Creative Commissioning

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By Jenni Inglis.

Does it matter whether or not there is a business model for the 21st Century? As Einstein said: “We cannot solve our problems with the same thinking we used when we created them”. At their best, social enterprises create and apply new thinking - they develop new business practices, change consumption patterns, deliver services to diverse communities, include the excluded, and tackle the root causes of problems. For public institutions it can be hard to get beyond thinking that competition is an end in itself, that public value is decided by the efficiency of converting inputs to outputs, and that social enterprises are simply an interest group. Nonetheless, changes are taking place, with some developing new approaches to commissioning in search of better public value. These public service innovators are helped by Government’s promotion of social enterprise in public service delivery, but are also hindered by confusion in practical guidance and apparent conflicts within the range of agendas the public sector pursues.

When SEEM set up the BEST Procurement Development Partnership in 2004, we provided some resource to our partners - the innovators in the public sector and social enterprise movement - to find routes through the policy and practice jungle. We also worked with public sector staff who were externalising services to new social enterprises and being expected to take risks for reward to the public sector. We learned that reassessing what is valued in a competition is insufficient to take advantage of the true potential of the social enterprise business model. It is also necessary to create solutions together - a joined up business model needs a joined-up customer! Along the way partners had many questions, which this guide answers. It does not advocate one approach, but covers a broad range of topics in a practical way. For those looking for new solutions it offers better paths through the current commissioning frameworks. It can also help today’s social enterprises understand what they can do. The message to Government is that to accelerate the progress of innovators in the public sector and social enterprises there is a need to:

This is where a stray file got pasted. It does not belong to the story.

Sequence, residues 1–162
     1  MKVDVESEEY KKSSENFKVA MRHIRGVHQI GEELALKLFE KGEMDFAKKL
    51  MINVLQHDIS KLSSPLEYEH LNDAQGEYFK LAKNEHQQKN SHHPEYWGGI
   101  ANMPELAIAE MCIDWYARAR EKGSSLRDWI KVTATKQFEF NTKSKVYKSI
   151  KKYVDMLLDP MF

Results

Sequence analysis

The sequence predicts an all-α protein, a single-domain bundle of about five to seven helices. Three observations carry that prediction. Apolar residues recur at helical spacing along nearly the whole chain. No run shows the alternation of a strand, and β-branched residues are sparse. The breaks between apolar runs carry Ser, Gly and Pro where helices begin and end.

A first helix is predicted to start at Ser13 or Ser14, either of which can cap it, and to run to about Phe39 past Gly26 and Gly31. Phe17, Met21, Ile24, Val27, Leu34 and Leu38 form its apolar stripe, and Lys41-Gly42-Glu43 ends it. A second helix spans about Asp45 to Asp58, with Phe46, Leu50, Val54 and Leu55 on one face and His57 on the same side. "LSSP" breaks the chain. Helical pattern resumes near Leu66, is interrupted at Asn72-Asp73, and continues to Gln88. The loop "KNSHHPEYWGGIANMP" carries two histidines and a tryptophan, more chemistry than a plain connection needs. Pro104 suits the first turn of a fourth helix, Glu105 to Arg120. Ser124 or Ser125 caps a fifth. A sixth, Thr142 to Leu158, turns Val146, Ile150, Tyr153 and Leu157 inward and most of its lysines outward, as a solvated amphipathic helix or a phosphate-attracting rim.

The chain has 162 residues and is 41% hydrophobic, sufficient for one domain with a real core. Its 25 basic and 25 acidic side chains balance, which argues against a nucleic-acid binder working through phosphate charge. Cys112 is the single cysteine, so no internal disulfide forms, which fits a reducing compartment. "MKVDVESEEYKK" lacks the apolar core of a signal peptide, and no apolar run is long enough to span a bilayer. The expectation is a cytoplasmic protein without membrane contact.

• see social enterprises as a public value partner and include them in Sustainable Community Strategy planning and market testing;
  • move on from debating the legitimacy of “social issues in contracts” to recognising that public value creation crosses over administrative boundaries, and encourage commissioners to look for opportunities to achieve greater social outcome;
  • make use of pilots, the “small lots” concession, and research and development contracts to support innovation and high public value service models; and
  • put in place a programme for changing how value for money is used to fully consider outcomes, and improve understanding of how “user need” applies. It matters greatly that new ways of doing business are developed for the 21st century - new thinking is required to meet the challenges ahead, thinking that public value innovators in social enterprise and in the public sector are already trying to do.

Jennifer Inglis, Head of Policy, Social Enterprise East Midlands, UK